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Cook v. Everhart

Court of Appeals of Ohio, Eighth District, Cuyahoga

July 25, 2019

JOHN COOK, Plaintiff-Appellant,
v.
MAXINE EVERHART, ET AL., Defendants-Appellees.

          Civil Appeal from the Cuyahoga County Court of Common Pleas Probate Court Division Case No. 2017 ADV 224817

          Marc L. Stolarsky Law, L.L.C., and Marc L. Stolarsky, for appellant.

          A. Sirvaitis & Associates, Algis Sirvaitis, and Brenda T. Bodnar, for appellees.

          JOURNAL ENTRY AND OPINION

          KATHLEEN ANN KEOUGH, JUDGE

         {¶ 1} Plaintiff-appellant, John Cook, appeals from the probate court's judgment granting the motion for summary judgment of defendant-appellee, Maxine Everhart, as executor of the estate of Roosevelt Striggles. For the reasons that follow, we affirm.

         I. Background and Procedural History

         {¶ 2} Striggles died on October 18, 2016, and his Last Will and Testament, dated December 13, 2014 (the "Last Will"), was admitted to probate court.

         {¶ 3} Cook, who was a friend of Striggles, filed a complaint challenging the Last Will and seeking a judgment that the Last Will was not valid in light of Striggles's mental incapacity. Cook attached to his complaint a copy of a will that Striggles had executed on April 19, 2006 (the "2006 Will"). Item III of the 2006 Will bequeathed the real property at 17607 Harvard Avenue to Cook, subject to a life estate in the property by Striggles's wife.

         {¶4} Cook then filed a motion asking the court to order Everhart, as executor of Striggles's estate, to sign a HIPPA authorization for the release of Striggles's medical records. Everhart filed a brief in opposition in which she asked the court to delay ruling on Cook's request for the HIPPA authorization pending the filing of her motion for summary judgment.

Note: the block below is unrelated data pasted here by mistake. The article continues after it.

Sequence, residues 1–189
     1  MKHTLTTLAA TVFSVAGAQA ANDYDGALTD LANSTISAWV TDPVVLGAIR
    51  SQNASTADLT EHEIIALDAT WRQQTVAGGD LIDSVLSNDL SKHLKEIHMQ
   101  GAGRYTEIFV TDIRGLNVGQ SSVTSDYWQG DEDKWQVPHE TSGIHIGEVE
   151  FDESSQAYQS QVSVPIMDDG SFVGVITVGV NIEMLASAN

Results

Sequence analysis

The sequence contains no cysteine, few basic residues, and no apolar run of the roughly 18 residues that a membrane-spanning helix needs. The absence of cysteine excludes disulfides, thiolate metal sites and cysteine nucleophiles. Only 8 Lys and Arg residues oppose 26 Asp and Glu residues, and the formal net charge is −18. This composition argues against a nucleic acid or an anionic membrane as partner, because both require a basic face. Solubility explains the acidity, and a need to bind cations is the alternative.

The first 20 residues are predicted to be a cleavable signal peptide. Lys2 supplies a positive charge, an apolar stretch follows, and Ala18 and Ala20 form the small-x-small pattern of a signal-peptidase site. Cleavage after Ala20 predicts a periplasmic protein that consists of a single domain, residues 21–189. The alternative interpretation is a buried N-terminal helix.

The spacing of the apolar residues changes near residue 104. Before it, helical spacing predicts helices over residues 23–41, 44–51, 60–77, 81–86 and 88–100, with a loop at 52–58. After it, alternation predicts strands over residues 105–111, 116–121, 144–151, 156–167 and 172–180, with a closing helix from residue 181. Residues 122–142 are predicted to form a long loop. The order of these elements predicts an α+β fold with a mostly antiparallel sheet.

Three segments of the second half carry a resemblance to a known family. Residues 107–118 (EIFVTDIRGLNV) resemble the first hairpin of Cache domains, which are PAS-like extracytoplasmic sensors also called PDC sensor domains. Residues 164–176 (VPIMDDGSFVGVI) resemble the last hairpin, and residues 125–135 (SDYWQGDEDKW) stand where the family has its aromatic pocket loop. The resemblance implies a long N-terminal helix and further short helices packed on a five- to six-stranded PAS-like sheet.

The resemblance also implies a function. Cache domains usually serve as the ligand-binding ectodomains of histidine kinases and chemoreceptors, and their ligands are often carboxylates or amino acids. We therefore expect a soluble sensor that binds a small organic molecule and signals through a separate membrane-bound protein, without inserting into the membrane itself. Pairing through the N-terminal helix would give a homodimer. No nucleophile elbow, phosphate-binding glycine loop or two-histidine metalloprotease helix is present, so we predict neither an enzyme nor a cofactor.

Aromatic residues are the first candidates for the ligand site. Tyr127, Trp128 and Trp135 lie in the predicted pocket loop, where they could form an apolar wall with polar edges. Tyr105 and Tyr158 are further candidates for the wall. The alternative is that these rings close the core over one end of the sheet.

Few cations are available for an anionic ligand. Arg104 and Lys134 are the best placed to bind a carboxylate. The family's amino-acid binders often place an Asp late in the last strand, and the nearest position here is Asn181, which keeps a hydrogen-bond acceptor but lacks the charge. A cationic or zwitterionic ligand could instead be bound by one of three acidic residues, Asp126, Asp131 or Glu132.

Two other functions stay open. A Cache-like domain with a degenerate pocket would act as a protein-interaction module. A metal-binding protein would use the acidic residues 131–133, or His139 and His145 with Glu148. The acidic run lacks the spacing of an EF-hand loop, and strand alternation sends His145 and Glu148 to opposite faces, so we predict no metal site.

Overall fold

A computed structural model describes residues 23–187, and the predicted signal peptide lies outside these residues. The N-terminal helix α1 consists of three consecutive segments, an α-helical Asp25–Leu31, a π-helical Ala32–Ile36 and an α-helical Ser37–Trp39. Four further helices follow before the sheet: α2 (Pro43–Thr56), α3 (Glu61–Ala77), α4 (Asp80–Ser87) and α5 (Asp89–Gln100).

{¶ 5} Everhart then filed a motion for summary judgment. She attached to her motion copies of a will that Striggles executed on June 30, 2014 (the "Interim Will"). The Interim Will did not name Cook as a beneficiary of the real property on Harvard Avenue; in fact, Cook was not named at all in the Interim Will. Everhart also attached to her motion for summary judgment a copy of the Last Will. As with the Interim Will, the Last Will did not name Cook as a beneficiary of the Harvard Avenue real property nor mention him at all. In light of the Interim Will and the Last Will, both of which were executed after the 2006 Will, Everhart argued that Cook lacked standing to challenge Striggles's Last Will and therefore, his complaint should be dismissed.

         {¶ 6} Everhart also attached to her motion for summary judgment a copy of a Transfer on Death Affidavit, executed by Striggles on December 13, 2014, and filed with the Office of the Cuyahoga County Fiscal Officer on February 13, 2015. The affidavit showed that Striggles was the sole owner of the Harvard Avenue property, and that it was to pass to Everhart as sole beneficiary upon his death. Accordingly, Everhart argued that the Harvard Avenue property was not even part of Striggles's estate after his death.

         {¶ 7} The trial court subsequently granted the motion for summary judgment and dismissed Cook's complaint, ruling that Cook did not have standing to contest the Last Will. The court also ruled that in light of its ruling on the summary judgment motion, Cook's motion for an order compelling the HIPPA authorization was moot. This appeal followed.

         II. Law and Analysis

         {¶ 8} We review a trial court's decision on a motion for summary judgment de novo. Grafton v. Ohio Edison Co., 77 Ohio St.3d 102, 105, 671 N.E.2d 241 (1996). Summary judgment is appropriate when, construing the evidence most strongly in favor of the nonmoving party, (1) there is no genuine issue of material fact; (2) the moving party is entitled to judgment as a matter of law; and (3) reasonable minds can only reach a conclusion ...


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